As if he doesnt know, Margaret thought. "Seventy-five."
"Seventy-five." Dr. Leising nodded thoughtfully. He glanced at Margaret before resuming his study of the film. "Depending on the characteristics of the tumorwhich we cant clearly define without getting in there and removing as much of it as possiblewith treatment you have a chance of living as long as several years or as little as two."
"How much of a chance?"
Dr. Leising didnt look up. "Twenty-five percent."
"Thats with treatment?"
"What happens if we dont do anything?"
"I mean, if I only have a twenty-five percent chance of surviving this anyway, why dont we just leave it alone?"
"Maybe I havent made myself clear, Margaret," Dr. Leising said, as if he were speaking to a nincompoop. That was when he resumed his discussion of Margarets slices in a way that clearly constituted the American Medical Associations form of filibustering.
So, this was her choice: She could either undergo a lot of treatment and die, sooner or later, or she could undergo no treatment at all and die, sooner or later.
"Is something wrong?" Nose Ring had returned. "You havent tried anything."
Margaret swallowed hard. Now that all of this lovely food was in front of her, she found that she wasnt hungry after all. She took a sip of tea, just to be polite.
"Is that your grandson?" Nose Ring asked, leaning closer. "Cute."
Shes quite a young girl beneath all that makeup, Margaret realized. And much too thin. "Do you mind if I ask you a personal question?"
Nose Ring shrugged. "What is it?"
"Well, its a rather trite question, I suppose, but if you found out that you had only a short while to live, maybe a year or two, how would you spend your time?"
The girl frowned. She picked absentmindedly at her fingernails, and showers of silver glitter flaked off and fell toward the floor. Margaret tried to follow the trajectory of the glitter, but it seemed to vanish into thin air.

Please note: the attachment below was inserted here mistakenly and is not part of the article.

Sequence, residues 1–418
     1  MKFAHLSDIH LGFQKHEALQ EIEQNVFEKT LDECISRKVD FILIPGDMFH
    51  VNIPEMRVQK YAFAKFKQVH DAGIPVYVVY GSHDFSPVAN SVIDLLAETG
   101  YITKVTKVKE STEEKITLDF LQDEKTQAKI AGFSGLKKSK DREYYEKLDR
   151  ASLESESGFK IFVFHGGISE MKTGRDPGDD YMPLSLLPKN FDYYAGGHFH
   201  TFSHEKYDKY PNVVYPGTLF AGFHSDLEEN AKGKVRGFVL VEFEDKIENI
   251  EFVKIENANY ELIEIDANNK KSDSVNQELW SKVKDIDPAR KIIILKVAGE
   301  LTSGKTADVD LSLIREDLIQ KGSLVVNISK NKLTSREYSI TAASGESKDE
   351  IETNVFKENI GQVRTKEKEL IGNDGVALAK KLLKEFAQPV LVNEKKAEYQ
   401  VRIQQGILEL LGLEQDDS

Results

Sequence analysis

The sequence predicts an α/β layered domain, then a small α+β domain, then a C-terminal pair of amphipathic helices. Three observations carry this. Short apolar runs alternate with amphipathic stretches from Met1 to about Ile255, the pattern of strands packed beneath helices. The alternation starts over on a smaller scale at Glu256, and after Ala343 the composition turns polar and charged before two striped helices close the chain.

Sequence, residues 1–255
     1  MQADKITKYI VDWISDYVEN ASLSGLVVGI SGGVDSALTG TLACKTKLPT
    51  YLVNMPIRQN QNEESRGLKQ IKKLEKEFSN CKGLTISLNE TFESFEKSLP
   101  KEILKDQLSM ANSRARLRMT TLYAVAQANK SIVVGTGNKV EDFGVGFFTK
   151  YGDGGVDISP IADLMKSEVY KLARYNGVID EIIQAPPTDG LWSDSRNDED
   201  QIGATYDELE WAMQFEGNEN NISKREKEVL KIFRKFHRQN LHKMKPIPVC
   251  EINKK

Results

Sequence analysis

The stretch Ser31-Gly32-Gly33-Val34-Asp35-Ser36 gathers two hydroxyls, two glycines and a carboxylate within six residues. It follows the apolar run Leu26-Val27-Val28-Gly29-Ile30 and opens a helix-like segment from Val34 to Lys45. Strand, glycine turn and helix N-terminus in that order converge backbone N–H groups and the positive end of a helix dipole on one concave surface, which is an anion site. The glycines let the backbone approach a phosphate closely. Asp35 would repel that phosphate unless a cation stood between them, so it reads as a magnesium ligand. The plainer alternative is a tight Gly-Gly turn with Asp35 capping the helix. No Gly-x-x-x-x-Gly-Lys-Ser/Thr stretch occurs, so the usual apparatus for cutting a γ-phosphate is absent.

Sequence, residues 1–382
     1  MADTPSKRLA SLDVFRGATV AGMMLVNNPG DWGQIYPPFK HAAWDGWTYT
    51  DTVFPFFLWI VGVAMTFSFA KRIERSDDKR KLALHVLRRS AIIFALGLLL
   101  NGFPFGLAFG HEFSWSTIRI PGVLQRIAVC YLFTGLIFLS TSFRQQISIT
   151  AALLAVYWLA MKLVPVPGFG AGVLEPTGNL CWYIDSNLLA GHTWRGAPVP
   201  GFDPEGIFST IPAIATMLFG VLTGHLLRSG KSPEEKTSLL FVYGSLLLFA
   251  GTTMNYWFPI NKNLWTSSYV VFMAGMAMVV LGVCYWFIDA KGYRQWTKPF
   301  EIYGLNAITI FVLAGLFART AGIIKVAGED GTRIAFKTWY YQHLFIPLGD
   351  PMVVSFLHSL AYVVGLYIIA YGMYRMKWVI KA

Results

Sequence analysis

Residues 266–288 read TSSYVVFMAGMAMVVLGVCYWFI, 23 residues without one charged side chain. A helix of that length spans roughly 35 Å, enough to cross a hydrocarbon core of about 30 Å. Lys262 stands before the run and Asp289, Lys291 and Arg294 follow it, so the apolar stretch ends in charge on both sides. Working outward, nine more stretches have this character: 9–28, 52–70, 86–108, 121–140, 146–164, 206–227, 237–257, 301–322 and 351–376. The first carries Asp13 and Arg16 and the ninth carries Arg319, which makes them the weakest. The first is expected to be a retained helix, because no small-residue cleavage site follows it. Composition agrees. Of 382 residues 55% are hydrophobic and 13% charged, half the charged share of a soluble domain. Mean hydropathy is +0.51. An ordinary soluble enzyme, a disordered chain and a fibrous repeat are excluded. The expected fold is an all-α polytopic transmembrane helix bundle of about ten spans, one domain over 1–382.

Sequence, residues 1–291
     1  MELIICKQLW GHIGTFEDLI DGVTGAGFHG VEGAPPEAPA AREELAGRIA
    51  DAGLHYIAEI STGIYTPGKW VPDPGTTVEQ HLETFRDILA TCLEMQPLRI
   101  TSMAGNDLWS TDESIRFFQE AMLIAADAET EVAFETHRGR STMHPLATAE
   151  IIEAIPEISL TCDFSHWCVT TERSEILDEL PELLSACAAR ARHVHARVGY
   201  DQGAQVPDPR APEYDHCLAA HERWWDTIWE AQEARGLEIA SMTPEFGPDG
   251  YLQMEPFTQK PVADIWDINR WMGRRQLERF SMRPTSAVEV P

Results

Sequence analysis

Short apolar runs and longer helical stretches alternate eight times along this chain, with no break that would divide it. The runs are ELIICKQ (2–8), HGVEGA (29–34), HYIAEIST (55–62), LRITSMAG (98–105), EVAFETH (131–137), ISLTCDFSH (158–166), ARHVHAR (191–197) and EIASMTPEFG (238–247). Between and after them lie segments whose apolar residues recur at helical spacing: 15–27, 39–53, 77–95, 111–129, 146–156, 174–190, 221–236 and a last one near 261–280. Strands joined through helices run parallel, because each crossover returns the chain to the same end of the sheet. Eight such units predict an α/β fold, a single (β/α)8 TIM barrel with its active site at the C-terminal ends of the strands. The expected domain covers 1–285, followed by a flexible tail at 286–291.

"I suppose Id think about whatever it is that scares me the mostrelationshipwise, I meanand then do it. Do the opposite of what Ive always done."
Margaret studied Nose Ring. Shed always assumed that people who embraced dramatic vogues in fashion were actually compensating for an innate dullness of character or chronic insecurity. Shed expected someone who looked like Nose Ring to offer a superficial answer to her rather trite question: "Take up hang-gliding! Sail around the world! Race hot-air balloons!" Something along those lines.
"It would be a last chance, wouldnt it?" the girl went on. "To break all your old bad habits?" She caught herself worrying her hands and promptly stopped. "Well anyway, heres your bill. Pay whenever youre ready." She made her way back to the counter, looking pensive.
Margaret contemplated her own habits. She stared at Daniels photo. He had been at that age when most children are self-conscious in front of a camera. But in this picture his expression was relaxed, serious, and sage. "You can see exactly what hes going to look like when hes twenty!" Margaret remembered saying to Stephen all those years ago, when the package theyd ordered came home from school: one 8x10, two 5x7s, four 3x5s, and many, many billfolds.
But Daniel would never be twenty. The 8x10 remained unframed. The billfolds were never passed out to school friends and teachers. Margaret wondered if Stephen still kept a photograph of their son in his wallet, along with pictures he surely carried of the children he had with his second wife. His living children.
"Jimbo?" Nose Ring was on the telephone, speaking gently. "Im sorry I yelled before. . . . Yeah, I know. . . . I love you, too. You want me to pick up some Häagen-Dazs on the way home? . . . No, Im not kidding."
From Broken For You by Stephanie Kallos, (Chapter One, pages 5-12). Copyright © 2004 by Stephanie Kallos. Reprinted with permission from Grove Atlantic, Inc. All rights reserved.
Blood at the Root
"A gripping, timely, and important examination of American racism."
- PW Starred Review
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